Examples 1-3 were repeated with the following changes. The 3-chloro-2-hydroxypropyl methacrylate was a purchased commercial grade. The combined weight of the monomers in each polymerization was 250 g, with weight proportions of FM/CHPM as follows: 50/50 in Example 4, 65/35 in Example 5, 75/25 in Example 6 and 85/15 in Example 7. In addition, the quantities of initiator, chain-transfer agent and solvent were increased as follows: 5.0 g of AMBN in 25 g of MIBK, 7.5 g of DM, and 275 g of MIBK. The following quantities of polymeric products were obtained: 549.8 g (49.4% solids) in Example 4, 547.9 g (47.2% solids) in Example 5, 549.2 g (47.3% solids) in Example 6 and 533.3 g (47.4% solids) in Example 7. There was no evidence of the white stringy material observed in Examples 1-3.
The polymerization procedure of Examples 4-7 was replicated for Controls A and B, the sole difference being in the ratio of FM/CHPM as follows: 90/10 in Control A and 95/5 in Control B. Control A gave 547.9 g of polymeric products (46.6% solids) and Control B gave 539.1 g of polymeric products (46.2% solids).
Cationic aqueous dispersions of the polymers of Examples 4-7 and Controls A and B were prepared as in Examples 1-3.
The procedure of Examples 6 and 7 was repeated except that the CHPM was a laboratory preparation. The CHPM was prepared as in Examples 1-3 except that the quantities of glacial methacrylic acid, benzyltriethylammonium chloride and methanol were doubled and the quantity of epichlorohydrin was 93.5 g, giving a glacial methacrylic acid/epichlorohydrin mol ratio of about 2/1. The mixture of ingredients was heated to 40±3° with agitation and maintained under those conditions for 48 hours. The product was washed with about 1750 ml of 5% aqueous sodium bicarbonate and 300 ml of ethyl acetate. After separating the upper organic layer, the aqueous layer was washed twice with 200 ml of ethyl acetate. After washing the combined ethyl acetate layers twice with 5% sodium bicarbonate and 4 times with deionized water, they were washed with 200 ml of 5% brine.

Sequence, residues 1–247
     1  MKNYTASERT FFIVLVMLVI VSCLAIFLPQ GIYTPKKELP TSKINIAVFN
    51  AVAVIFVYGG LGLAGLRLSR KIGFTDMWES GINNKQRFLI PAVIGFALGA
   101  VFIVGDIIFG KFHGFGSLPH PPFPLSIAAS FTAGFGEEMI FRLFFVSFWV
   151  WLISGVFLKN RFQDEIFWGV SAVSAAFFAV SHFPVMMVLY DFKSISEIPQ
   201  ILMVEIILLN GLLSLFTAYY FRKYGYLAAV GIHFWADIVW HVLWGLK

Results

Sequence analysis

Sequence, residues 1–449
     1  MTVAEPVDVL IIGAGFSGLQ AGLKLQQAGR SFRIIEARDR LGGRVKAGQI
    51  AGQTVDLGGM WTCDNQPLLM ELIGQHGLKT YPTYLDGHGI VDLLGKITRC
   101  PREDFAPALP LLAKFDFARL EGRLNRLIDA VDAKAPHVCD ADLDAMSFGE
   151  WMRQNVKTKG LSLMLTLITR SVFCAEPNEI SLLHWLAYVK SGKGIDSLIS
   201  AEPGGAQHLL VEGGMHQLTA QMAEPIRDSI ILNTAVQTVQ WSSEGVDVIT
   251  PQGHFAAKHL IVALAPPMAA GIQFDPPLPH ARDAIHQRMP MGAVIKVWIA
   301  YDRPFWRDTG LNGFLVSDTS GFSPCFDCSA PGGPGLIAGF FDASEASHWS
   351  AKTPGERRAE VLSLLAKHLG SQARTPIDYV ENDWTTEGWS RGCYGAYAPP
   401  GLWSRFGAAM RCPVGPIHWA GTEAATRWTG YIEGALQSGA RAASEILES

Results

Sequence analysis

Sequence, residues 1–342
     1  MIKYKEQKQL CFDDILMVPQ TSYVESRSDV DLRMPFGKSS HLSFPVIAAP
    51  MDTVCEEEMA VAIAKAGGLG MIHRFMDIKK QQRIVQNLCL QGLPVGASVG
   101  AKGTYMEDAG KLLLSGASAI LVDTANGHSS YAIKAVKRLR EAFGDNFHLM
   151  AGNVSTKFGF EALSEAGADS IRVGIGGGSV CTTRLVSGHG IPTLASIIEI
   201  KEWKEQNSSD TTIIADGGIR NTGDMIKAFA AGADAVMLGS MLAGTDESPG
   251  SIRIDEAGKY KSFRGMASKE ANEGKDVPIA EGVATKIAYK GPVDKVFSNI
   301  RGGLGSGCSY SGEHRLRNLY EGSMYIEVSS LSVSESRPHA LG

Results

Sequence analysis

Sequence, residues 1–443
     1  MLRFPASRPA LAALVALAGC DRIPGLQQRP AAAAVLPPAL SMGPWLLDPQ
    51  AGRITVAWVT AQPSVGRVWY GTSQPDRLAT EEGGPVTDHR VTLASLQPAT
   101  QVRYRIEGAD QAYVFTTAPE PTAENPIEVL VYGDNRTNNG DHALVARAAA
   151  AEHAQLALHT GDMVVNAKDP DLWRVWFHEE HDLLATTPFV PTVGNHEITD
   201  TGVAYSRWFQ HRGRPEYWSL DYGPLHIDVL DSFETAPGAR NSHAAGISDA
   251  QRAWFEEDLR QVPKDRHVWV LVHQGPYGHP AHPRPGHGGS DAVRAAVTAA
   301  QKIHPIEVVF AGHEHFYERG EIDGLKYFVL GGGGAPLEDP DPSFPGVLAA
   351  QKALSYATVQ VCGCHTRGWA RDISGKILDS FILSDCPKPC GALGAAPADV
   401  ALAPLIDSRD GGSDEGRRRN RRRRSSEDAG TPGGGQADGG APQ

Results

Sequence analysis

Control C was polymerized at a mol ratio of FM/CHPM of 98/2.
The following quantities of polymeric products were obtained: 553.1 g (44.7% solids) in Example 8, 546.6 g (45.2% solids) in Example 9 and 553.1 g (45.4% solids) in Control C. No white stringy material was observed.
The following table provides performance data for polymers of this invention and for control polymers prepared substantially as set forth in Examples 4-9 and Controls A-C. One set of tests was performed on commercial nylon yarn which has a reaction product of a polyglycol and boric acid dispersed throughout its filaments (PEO-Containing Nylon). The other set of tests was run on yarn prepared from standard Nylon 66. Both sets of tests involved application of the aqueous dispersions by use of the Yarnline Finish Application technique and the Mock Beck Dye Test (MBDT). After application of each aqueous polymer dispersion, containing 1% by weight of "Tween 80" sorbitan mono-oleate based on the weight of fiber, to the yarn, F analysis was performed on specimens of both the treated PEO-Containing Nylon and standard Nylon 66 yarn. A portion of each treated yarn was wound onto separate yarn winding frameworks. Another portion of each treated yarn was wound onto two other yarn winding frameworks and heat-set at about 200° for 2 minutes. Each of the 4 frameworks was then inserted in separate cylindrical cups and the MBDT carried out. After air-drying, the specimens may be heated at about 121° for one minute. Then oil/water-repellencies and F analyses were obtained for all four specimens.
__________________________________________________________________________FM/CHPM COPOLYMER PERFORMANCE ON NYLON YARNLINE PEO-Containing Nylon Standard Nylon 66FM/CHPM Not Heat Set Heat Set Not Heat Set Heat SetCationic % F % F % F % FDispersion Retained O/W*** Retained O/W**** Retained O/W*** Retained O/W***__________________________________________________________________________*50/50 67 3/4 84 3/5 -- -- -- --*65/35 83 4/5 94 4/5 -- 2/4.5 -- 5/5*75/25 82 4/4 92 3/4 77 2/4 97 5/5*85/15 52 2/3 85 4/4 81 1/3 76 4/5**90/10 58 1/3 71 2/3 50 1/3 66 3/5**95/5 48 2/3 62 2/4 64 1/2 67 0/4**98/2 25 1/1 49 -- 46 1/3 59 0/0__________________________________________________________________________ *Polymers of this invention. **Control polymers. ***Oil/Water Repellency after MBDT followed by heating at 121° for 1 minute. ****Oil/Water Repellency after MBDT.